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I am searching for a way to use a comparator with possible negative voltage on its inputs.


My thoughts and attempts so far:

  • Op amps and comparators with V+, V- and GND: the circuit utilizes a single LiPo battery.
  • LM339/393: works correctly only when Vin >= V- - 0.3V, which is not enough.
  • Diodes: too low voltage, I suppose

Requirements are:

  • Vin range -2.0V .. + 2.0V (and around 0.1V on the reference)
  • Max. current provided for comparator input: around 500 uA

Recently I have found an interesting comparator - LT1716 (datasheet/website). It provides a "Valid Output with Either Input 5V Below V– ". If there is one, then the idea is not new and there should be more, right?


(I am new to electronics, and I am sorry if I did not provide some related info - please let me know what I forgot)

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  • \$\begingroup\$ Hi, welcome to EE.SE, there is one problem with your question, its a shopping question. These are not good questions to ask because you could easily answer them yourself if you would learn to use google. If you want to ask a design question then go right ahead. The question is equivalent to, "I don't like this kind of orange juice please find me a better brand" \$\endgroup\$ – Voltage Spike Apr 8 '16 at 22:21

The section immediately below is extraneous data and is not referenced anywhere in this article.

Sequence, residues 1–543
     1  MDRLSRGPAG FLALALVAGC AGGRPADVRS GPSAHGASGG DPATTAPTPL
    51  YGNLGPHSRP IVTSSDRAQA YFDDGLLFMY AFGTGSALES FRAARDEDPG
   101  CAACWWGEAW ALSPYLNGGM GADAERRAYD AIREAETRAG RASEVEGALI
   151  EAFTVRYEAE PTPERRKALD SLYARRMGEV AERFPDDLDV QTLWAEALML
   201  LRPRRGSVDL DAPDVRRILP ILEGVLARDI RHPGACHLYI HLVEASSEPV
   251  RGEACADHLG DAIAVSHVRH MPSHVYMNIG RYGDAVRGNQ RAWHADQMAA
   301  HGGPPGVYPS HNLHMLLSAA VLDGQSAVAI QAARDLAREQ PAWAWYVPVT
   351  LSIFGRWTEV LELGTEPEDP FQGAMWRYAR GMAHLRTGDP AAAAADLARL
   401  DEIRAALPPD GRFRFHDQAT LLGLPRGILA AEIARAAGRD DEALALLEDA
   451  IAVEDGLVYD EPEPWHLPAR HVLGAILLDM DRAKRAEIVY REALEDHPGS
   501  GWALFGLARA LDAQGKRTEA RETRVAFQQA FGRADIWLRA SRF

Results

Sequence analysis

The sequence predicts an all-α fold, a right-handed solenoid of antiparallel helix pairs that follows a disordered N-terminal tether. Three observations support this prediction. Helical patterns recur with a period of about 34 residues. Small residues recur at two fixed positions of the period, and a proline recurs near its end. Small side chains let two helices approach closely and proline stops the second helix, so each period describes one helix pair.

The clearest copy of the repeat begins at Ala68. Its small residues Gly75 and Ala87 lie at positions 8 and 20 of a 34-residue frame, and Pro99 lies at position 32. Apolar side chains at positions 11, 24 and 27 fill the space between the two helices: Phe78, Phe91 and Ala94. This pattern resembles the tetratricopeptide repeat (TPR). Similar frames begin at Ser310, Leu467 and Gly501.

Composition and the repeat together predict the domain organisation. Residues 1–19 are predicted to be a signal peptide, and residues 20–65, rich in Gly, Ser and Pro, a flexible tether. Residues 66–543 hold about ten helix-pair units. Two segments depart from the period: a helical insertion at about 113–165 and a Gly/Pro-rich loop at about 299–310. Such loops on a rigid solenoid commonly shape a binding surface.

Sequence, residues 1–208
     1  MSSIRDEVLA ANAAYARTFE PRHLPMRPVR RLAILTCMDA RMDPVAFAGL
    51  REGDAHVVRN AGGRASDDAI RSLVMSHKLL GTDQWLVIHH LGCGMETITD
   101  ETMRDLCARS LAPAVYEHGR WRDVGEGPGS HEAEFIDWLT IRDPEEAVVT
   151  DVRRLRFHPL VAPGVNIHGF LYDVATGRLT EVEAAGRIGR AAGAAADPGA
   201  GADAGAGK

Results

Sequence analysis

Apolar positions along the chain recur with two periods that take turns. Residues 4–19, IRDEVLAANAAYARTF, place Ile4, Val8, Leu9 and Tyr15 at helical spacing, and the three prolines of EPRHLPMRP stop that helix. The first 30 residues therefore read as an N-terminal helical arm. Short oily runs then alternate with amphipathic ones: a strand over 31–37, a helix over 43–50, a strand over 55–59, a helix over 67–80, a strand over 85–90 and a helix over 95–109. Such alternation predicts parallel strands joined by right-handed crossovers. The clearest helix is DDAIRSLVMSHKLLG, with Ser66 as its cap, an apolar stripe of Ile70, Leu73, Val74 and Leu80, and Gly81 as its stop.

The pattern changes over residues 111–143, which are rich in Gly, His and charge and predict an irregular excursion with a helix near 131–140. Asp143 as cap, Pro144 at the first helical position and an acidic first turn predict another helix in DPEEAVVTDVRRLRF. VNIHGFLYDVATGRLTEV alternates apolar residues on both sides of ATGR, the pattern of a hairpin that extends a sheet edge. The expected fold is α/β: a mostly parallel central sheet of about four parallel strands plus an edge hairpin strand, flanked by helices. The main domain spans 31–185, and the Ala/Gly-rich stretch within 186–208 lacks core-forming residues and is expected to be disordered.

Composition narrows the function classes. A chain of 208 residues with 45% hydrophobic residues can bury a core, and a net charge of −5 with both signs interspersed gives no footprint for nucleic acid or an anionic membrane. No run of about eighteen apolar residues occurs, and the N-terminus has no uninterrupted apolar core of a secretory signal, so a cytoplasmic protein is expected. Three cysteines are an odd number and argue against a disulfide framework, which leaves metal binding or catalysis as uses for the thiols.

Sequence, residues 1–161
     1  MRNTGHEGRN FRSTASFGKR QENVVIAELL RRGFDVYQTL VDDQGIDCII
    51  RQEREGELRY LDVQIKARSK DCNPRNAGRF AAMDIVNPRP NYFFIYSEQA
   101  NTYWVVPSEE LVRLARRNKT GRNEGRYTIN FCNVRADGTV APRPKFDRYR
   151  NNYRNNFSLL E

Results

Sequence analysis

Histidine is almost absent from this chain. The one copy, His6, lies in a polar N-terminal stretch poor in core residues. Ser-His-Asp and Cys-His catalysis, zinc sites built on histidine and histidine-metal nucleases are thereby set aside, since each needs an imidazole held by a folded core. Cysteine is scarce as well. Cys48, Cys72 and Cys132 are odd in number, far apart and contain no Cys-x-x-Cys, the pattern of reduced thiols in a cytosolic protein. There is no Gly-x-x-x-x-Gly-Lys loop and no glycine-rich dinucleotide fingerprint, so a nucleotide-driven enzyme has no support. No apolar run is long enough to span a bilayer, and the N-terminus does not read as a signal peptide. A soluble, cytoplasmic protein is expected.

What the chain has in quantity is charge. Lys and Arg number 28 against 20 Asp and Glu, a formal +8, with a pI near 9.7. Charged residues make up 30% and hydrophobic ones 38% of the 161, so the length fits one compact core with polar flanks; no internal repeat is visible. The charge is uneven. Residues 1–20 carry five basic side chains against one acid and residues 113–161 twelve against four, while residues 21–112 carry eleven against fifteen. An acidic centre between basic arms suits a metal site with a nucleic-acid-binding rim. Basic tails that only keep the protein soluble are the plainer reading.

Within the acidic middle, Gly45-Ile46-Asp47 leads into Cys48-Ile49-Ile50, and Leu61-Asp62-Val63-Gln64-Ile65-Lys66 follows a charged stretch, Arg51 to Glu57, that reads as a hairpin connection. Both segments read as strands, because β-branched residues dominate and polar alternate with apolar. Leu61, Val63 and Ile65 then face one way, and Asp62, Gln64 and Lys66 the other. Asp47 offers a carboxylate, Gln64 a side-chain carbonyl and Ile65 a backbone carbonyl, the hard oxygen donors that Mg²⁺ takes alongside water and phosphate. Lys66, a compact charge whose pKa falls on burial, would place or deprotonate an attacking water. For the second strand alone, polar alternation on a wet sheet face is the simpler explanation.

• \$\begingroup\$ I got the point. However, I attempt to respect time of others, and quite a lot of googling did not bring any results. I am not very experienced in the topic, which might make searching difficult without some hints. Hints would be great already, not necessary to give me some specific model. \$\endgroup\$ – Art Apr 8 '16 at 22:43
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This may give you some ideas:

schematic

simulate this circuit – Schematic created using CircuitLab

Figure 1. Comparitor to handle negative voltages.

  • R3 sets a threshold between 0 and V+. If this is too coarse add series resistors at the top and/or bottom of the pot to narrow the range of adjustment for easier adjustment.
  • The trick of the circuit is to feed the non-inverting input from a potential divider, the top of which is connected to V+. In this example \$ V_A = V_+ - \frac {V_+ - V_{IN}}{2} \$ so the input voltage can range from \$ \pm V_+\$
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  • \$\begingroup\$ This looks interesting. Though, this would apply additional voltage on Vin. I suppose I should figure out how the input will react on it .. \$\endgroup\$ – Art Apr 8 '16 at 23:21
  • \$\begingroup\$ Edit your question to include details on the signal source and we can consider how it will be affected. Thanks for accepting my answer but if you want to "un-accept" for a day or so it may prompt a better answer. \$\endgroup\$ – Transistor Apr 9 '16 at 7:41

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